CounterCurrent: Week of 5/17
The 2020 Pulitzer Prize winners were announced two weeks ago, including those awarded for work in journalism, creative writing, drama, and music. Established in 1904 by journalist extraordinaire Joseph Pulitzer and administered since 1917 by the Columbia Journalism School, the prizes were designed “as an incentive to excellence” in these fields, granting the awardees international recognition and monetary grants to bolster their work.
Nikole Hannah-Jones, the founder and face of The New York Times’ “The 1619 Project,” won the Pulitzer Prize in commentary journalism for her lead 1619 essay “Our democracy’s founding ideals were false when they were written. Black Americans have fought to make them true.” The Pulitzer Committee’s announcement of the prize was as follows: “For a sweeping, deeply reported and personal essay for the ground-breaking 1619 Project, which seeks to place the enslavement of Africans at the center of America’s story, prompting public conversation about the nation’s founding and evolution.”
The award is a disappointing yet unsurprising decision by the Pulitzer Committee, one that clearly betrays its willingness to overlook gross violations of journalistic standards in order to promote progressive ideals. The 1619 Project in general and Hannah-Jones’ essay in particular is riddled with historical errors both factual and interpretive, as demonstrated by a wide variety of historians. At the same time, it inculcates in its readers a hatred of America and has spread throughout all 50 states through the Times’ educational partnership with the Pulitzer Center (no relation to the Pulitzer Prizes).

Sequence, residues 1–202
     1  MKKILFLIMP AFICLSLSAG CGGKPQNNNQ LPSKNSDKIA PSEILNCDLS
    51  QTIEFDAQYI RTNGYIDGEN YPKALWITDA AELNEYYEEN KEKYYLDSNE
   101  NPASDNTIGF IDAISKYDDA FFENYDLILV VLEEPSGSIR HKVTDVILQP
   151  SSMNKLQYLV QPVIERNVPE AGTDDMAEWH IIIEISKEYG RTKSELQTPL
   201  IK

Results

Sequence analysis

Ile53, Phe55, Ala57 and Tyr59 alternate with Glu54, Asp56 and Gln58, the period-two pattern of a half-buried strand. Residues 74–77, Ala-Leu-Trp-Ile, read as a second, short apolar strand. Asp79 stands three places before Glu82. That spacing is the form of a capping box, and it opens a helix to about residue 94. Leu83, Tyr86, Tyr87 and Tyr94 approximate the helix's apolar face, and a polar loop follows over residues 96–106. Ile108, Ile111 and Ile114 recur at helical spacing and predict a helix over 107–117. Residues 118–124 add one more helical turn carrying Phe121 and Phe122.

How did a piece of historical commentary that misrepresents central elements of the American founding, rejects rigorous historical analysis, and elevates proudly biased distortions of history win the most prestigious prize in journalism?
In this week’s featured article, National Association of Scholars President Peter Wood gives his take on the Pulitzer’s announcement and explains why a 1619 Project Pulitzer points to the larger collapse of journalism as an honest enterprise. He writes:
The Pulitzer Committee no doubt had good reasons for giving Hannah-Jones this award, but I doubt they are the reasons expressed in the citation. The citation is no more than artful camouflage. The 1619 Project is a power play in which, at great expense in both money and reputation, The New York Times has attempted to intensify racial resentment and accelerate identity politics.
Nikole Hannah-Jones’ Pulitzer Prize is, in the words of a certain Democratic presidential hopeful, pure malarkey. Her eminently flawed 1619 Project essay deserved no consideration for this award due to its widespread disregard of journalistic standards and historical facts, as well as her refusal to engage with historian detractors. The Pulitzer Prize has become little more than a means to promote progressive ideals in journalism and the arts, a far cry from what it was created to do.
P.S.: Peter Wood’s forthcoming book 1620: The True Beginning of the American Republic is available for pre-order now. Published by Encounter Books, the work synthesizes the various critiques of The 1619 Project and puts forth a different vision of the American founding, one centered on the genesis of the Plymouth colony in 1620. To pre-order, click here.
CounterCurrent is the National Association of Scholars’ weekly newsletter, written by Communications & Administrative Associate John David. To subscribe, update your email preferences here.
Image: Public Domain